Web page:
Now that the trigger assembly is off, we are ready to solder our 7 wires from the Tilt Board to the controller board. The Tilt Board’s X and Y outputs will be connected to the spot where the original analog stick’s outputs are connected. This will be the center pin of the X and Y potentiometer of the controller board. The REF pin of the Tilt Board must be connected to the highest voltage side of the potentiometer on the controller board. All 3 of these locations are shown and labeled in Figure 6.


Figure 6: X, Y, and REF Locations

Before you can connect DO1 and DO2 to the Xbox 360 controller board, it is necessary to understand how the digital inputs on the Xbox 360 controller work and how the Tilt Board interacts with them.

When a button is pressed on the common ground Xbox 360 controller, a conductive pad is pressed against two metal pads on the controller’s circuit board. This causes the two pads on the circuit board to be shorted together. One of these pads is tied directly to ground and the other is used as an input to the controller’s microcontroller. When the two pads are shorted together, the microcontroller sees the input for that button change to ground and registers that you pressed a button.

When the Tilt Board detects a jolt on the Z axis it will ground either its DO1 or DO2 (depending on which one you currently have selected). By connecting the output from DO1 or DO2 to a non grounded button pad of the controller, we can simulate that button being pressed. The Tilt Board will ground the pad that DO1 or DO2 is connected to when a jolt is detected. To the controller this will be no different than you actually pressing the button on the controller. Both DO1 and DO2 will be high impedance inputs and have no effect on the controller board unless a jolt is detected.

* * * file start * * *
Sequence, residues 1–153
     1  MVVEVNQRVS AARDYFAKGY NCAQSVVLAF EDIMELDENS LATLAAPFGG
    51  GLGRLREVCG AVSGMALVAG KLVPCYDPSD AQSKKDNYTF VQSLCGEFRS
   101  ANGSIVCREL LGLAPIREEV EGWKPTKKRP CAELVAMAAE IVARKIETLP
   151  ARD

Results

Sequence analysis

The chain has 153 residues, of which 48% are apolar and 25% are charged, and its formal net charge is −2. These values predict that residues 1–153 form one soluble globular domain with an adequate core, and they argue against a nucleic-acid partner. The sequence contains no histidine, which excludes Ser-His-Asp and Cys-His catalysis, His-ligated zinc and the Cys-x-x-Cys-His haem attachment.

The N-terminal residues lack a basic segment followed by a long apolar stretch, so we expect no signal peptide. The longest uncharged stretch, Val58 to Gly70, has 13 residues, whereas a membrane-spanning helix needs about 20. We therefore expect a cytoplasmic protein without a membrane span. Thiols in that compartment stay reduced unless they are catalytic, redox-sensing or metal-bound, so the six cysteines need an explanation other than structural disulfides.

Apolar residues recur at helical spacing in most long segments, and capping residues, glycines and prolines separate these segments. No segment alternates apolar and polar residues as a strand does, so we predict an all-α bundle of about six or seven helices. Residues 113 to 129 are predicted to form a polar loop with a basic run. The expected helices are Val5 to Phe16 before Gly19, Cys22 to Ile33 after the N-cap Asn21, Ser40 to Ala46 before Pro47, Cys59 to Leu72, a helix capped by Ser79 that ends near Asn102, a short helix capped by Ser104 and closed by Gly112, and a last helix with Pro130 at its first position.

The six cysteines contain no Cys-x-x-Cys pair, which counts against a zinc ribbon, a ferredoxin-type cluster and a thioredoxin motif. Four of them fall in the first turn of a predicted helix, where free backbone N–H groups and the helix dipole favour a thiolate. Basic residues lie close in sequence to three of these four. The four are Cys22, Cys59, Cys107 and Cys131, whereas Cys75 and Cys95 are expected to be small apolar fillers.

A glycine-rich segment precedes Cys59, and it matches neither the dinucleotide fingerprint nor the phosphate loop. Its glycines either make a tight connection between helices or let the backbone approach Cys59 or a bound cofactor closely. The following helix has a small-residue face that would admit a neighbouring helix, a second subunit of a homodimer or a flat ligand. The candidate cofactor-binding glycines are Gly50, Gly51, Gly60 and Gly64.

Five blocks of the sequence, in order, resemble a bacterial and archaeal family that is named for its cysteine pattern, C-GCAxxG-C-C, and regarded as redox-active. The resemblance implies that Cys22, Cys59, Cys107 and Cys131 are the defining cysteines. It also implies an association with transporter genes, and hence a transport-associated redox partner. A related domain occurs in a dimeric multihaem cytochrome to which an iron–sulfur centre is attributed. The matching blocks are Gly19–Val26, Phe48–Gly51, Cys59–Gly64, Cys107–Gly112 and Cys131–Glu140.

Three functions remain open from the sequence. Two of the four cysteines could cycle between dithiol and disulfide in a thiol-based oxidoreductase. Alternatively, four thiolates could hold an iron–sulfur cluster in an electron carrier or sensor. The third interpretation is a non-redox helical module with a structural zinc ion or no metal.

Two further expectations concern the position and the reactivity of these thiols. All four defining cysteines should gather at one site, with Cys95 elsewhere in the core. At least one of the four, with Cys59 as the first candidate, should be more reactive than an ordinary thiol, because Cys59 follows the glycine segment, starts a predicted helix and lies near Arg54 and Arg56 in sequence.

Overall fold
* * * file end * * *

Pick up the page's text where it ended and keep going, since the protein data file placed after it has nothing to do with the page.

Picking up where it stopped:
Shown in Figure 7 are possible locations for DO1 and DO2. In the figure DO1 is connected to the “A” digital button, and DO2 is connected to the “B” digital button. You can connect DO1 and DO2 to any digital button that you want. Make sure that where you connect is the non grounded side of the button. You will need to scrape away a small part of the black surface of the pad to solder to it. The locations for V+ and GND are also shown in Figure 7.


Figure 7: V+, GND, DO1, and DO2 Locations

To run the wires soldered to the Xbox 360 controller board out to the Tilt Board a hole needs to be drilled in the Xbox 360 controller case. The recommended location for this hole is in the center of the bottom portion of the battery compartment. Figure 8 shows a completely soldered controller board with wires routed through the controller case. Figure 9 shows the controller board in its case with all of the wires routed out of the case. Make sure that none of your wires are pinched by the case as you put it back together.


Figure 8: Routed Wires


Figure 9: Routed Wires in Controller Case

Continue putting the controller back together until it all fits snuggly. Again, make sure no wires are pinched. After verifying that no wires will be pinched and the controller is together correctly, put the screws back in the controller. Now cut your wires down to the desired length and solder them on to the Tilt Board. After all of the wires are soldered, mount the Tilt Board to the back of your Xbox 360 controller battery compartment using double sided foam tape. A completed picture of the Xbox 360 controller is shown in Figures 10 and 11.


Figure 10: Completed Installation Back View


Figure 11: Completed Installation Bottom View


Congratulations on successfully installing your Tilt Board v3!


3 Responses to “Tilt Board v3 Installation Instructions”

  1. on 17 Jun 2009 at 10:04 pm 1.enzoibanez said …

    we are waiting the code!

  2. on 28 Jul 2009 at 8:31 am 2.Robert said …

    What is the source code for ? Do I need it for the installation to work?
    Thanks Rob

  3. on 18 Aug 2009 at 6:19 am 3.adam said …

    The PIC chip needs programmed with the compiled source code in order to make the Tilt Board work.